One of the premises of Personal Growth African Style is that the world urgently requires leaders who carry a greater consciousness of our shared humanity. In this context, Africa has a vital role to play. In order for our world to be whole, we need to reclaim the humanity that Africa’s heritage can give us.

This is as important for emerging leaders in South Africa as it is for our continent and indeed the world.

We all lose out from the limited, outdated view that still perceives the world from a disconnected, individualistic and fragmentary perspective. And so it is critical that we make the shift to a new kind of global leadership. Such a leadership would be born and nourished through a deep sense of interconnectedness and the experience of the communal responsibility that flows from a heartfelt feeling of belonging to a global community.

Africa’s dominant worldview has for centuries taken the human being as the starting point, emphasising the dignity and worth of all, and relying on the philosophical constructs of ubuntu. Central to ubuntu is the idea that self evolves through identification with the larger community: umuntu ngumuntu ngabantu – ‘a person is a person through other people’. At their heart, such values call on each of us to be the kind of leader who knows that we are who we are because of other people and that as people, living together in the community of nation-state or world, we care about everyone in that community.

The book builds on the best of what African humanity offers and aims to prepare younger leaders to live co-creatively in community; to paint a picture of what it would mean to reclaim communally expressed humanity; and to redistil and refashion the many important values that are the hallmark of Africa’s heritage in the context of a post-colonial world. It takes an optimistic view of all Africa has to offer, and unashamedly stands on the shoulders of Steve Biko, who, with others, said that Africa’s contribution to the world will be about giving the world a more human face.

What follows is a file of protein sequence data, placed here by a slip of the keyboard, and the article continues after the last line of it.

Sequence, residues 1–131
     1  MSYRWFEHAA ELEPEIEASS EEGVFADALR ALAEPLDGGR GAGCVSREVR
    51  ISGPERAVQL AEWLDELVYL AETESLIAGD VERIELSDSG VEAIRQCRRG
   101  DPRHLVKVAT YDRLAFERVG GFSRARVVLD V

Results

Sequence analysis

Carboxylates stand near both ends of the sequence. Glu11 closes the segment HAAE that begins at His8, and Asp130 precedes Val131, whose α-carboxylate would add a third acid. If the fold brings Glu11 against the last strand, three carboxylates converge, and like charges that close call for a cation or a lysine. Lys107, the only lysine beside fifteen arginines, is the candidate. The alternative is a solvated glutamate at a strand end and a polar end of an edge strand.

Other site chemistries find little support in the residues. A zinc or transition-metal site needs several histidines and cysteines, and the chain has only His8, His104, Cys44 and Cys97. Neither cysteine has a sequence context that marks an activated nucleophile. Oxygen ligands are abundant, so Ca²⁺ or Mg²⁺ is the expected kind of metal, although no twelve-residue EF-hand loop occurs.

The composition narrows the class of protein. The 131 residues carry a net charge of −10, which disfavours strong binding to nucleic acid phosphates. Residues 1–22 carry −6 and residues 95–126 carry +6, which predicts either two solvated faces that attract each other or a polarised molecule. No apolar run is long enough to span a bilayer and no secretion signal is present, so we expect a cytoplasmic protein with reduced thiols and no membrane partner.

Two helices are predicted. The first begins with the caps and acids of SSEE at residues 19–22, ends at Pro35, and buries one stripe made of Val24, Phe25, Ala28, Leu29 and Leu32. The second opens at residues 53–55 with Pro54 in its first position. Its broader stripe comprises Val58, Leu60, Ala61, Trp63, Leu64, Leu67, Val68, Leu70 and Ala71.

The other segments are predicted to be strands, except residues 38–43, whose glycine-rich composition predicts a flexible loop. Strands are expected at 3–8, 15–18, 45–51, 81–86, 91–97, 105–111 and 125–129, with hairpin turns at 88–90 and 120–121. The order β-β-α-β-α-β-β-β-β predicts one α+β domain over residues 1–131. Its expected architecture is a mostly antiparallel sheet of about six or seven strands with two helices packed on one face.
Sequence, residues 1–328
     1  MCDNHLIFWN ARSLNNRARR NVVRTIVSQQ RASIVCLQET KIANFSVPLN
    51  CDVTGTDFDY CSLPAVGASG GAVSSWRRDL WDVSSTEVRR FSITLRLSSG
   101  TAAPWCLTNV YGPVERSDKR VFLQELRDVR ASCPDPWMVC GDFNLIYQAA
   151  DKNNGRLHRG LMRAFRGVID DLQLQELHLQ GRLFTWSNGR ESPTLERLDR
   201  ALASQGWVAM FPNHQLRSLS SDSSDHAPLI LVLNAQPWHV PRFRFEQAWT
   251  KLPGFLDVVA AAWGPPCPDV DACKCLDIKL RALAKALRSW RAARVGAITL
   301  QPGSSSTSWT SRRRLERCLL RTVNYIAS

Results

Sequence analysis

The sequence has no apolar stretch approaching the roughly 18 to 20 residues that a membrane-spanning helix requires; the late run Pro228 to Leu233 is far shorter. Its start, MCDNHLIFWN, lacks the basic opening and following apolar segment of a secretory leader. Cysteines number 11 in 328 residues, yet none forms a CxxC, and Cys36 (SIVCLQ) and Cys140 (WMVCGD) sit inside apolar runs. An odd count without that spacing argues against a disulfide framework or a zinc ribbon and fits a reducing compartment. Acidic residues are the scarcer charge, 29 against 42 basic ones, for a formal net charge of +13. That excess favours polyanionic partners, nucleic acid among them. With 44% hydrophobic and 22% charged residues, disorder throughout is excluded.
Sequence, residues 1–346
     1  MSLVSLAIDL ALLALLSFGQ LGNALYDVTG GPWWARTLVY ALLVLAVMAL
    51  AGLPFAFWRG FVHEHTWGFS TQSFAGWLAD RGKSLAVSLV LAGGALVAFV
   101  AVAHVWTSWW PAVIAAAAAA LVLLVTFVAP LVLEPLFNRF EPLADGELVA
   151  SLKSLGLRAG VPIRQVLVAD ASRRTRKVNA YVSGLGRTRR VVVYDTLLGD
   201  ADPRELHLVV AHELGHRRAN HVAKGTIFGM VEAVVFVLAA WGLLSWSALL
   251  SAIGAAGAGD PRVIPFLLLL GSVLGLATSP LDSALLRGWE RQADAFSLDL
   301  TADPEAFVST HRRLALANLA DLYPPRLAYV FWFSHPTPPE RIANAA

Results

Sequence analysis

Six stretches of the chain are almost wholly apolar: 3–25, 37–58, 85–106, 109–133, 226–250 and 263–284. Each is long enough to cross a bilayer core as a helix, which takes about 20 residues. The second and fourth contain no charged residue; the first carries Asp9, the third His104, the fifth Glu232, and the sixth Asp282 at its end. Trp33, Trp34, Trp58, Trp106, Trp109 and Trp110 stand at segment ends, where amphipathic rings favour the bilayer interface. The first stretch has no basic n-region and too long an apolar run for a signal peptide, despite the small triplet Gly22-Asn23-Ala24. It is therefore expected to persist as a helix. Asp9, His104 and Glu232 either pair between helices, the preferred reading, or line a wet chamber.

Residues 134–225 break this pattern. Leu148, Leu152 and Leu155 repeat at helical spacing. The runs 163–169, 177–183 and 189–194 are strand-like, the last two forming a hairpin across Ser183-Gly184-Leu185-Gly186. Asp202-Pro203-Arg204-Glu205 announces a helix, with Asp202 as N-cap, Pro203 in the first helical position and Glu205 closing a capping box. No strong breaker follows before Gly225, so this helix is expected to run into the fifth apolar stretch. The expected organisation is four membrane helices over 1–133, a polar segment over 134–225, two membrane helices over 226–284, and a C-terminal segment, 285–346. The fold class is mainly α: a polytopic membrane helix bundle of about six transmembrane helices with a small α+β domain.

With all our knowledge, history and technology, we desperately need this. And although too few African political leaders embody the promise of their own heritage, Africa’s gift to global leadership lies deep in its roots – in a communally expressed humanity inspired by the collective wisdom and actions of all human beings.

While studying 40 African dances to complete a graduate degree in dance therapy, I was moved by something I now name ‘African group emotional intelligence’, and the book seeks to enliven such communally felt emotional intelligence on an individual and a collective scale.

This book was inspired by and written for the younger generation who are seeking to make sense of who they are to become in a rapidly changing country. In inviting our students at CIDA City Campus in Johannesburg to reclaim the value of their past, we developed a reflective space and methodology for them to build a different future. Our book is an invitation to living with soul, claiming individual destiny, and living and learning together with more compassion and mutual accountability.

Born in Zimbabwe to a Jewish family who fled the Germany of the early 1930s, I celebrate the great privilege of being born in Africa and being close to the cradle of humankind. At 16 I felt a youthful idealism to change the world, to heal what did not make sense, and I chose to blend the passion of a ballet dancer with the high ideals of a young person fascinated by the need for authenticity, compassion and connectedness.

In a world that continues to choose to see Africa’s shadow rather than its light, this book takes a stand for the promise of a different kind of world, by reclaiming group emotional intelligence and confidence in emerging leaders, and restoring the values of ubuntu.

Personal Growth African Style by Barbara Nussbaum, Sudhanshu Palsule and Velaphi Mkhize is published by Penguin Books South Africa. EAN: 9780143026389

Barabara Nussbaum is a writer, speaker and coach based in South Africa.